An unwritten axiom of engineered systems is that they break. The consequences of failures in engineered systems can range from economic catostrophe to the loss of human life. While creating failure-free systems is not yet realizable, there has been great progress towards the development of safety mechanisms that can identify and respond to various failures within a system. This has lead to an important formal sub-discipline in the engineering sciences known as fault detection and isolation (FDI). Advances in FDI have also led to the notion of designing fault tolerant systems; these are systems that are able to maintain a certain level of performance and operation even in the
presence of component-level failures.
Despite the success of FDI across many application domains, there remains a lack of results for large-scale and distributed systems. Indeed, even fundamental methods for the analysis and design of these systems has not reached the maturity of their monolithic counterparts. Despite this, dependance on these systems is growing at an increasing rate such as can be seen with power distribution networks, transportation networks, and large-scale manufacturing plants. The architecture of these systems, characterized by the coupling of a large number of dynamic systems over an information exchange network, is nevertheless a core component of many future projects, including development of the “smart-grid,” autonomous transportation networks, and automated air traffic control. As the theory of these systems mature and as they become more integrated into today’s infrastructure, it becomes paramount that a corresponding theory of fault detection and isolation for these systems is also developed.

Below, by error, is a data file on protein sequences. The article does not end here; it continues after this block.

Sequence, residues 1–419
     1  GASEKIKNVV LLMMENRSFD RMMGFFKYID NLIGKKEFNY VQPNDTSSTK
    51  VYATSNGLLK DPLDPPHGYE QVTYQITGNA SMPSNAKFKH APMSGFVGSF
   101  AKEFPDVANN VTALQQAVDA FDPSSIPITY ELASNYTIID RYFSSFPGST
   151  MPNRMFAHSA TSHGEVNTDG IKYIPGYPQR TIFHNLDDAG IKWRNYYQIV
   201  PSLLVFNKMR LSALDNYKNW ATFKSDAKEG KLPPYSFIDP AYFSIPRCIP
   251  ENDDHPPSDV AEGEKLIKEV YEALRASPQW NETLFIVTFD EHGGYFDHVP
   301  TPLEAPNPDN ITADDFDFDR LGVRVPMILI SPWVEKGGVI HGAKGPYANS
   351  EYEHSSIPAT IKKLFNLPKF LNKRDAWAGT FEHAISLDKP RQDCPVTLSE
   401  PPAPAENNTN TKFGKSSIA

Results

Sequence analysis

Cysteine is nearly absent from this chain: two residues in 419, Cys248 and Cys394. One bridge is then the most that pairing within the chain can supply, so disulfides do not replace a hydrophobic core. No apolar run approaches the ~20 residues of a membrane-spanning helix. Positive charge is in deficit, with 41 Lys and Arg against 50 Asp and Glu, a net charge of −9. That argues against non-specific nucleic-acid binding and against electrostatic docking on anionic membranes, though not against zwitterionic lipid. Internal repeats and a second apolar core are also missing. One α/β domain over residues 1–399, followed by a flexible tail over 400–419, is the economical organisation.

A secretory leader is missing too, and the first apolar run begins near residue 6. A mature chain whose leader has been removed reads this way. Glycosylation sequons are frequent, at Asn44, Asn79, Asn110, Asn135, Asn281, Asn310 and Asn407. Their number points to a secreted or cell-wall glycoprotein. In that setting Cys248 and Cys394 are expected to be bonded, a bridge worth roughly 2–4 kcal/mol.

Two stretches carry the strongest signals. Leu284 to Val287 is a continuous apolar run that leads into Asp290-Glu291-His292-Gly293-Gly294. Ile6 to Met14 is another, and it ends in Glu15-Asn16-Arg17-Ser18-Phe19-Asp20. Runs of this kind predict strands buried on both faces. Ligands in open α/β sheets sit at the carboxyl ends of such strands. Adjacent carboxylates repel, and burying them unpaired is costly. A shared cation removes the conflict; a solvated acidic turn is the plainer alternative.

This project seeks to contribute fundamental theoretical results and validation methods for fault detection and isolation in networked dynamic systems.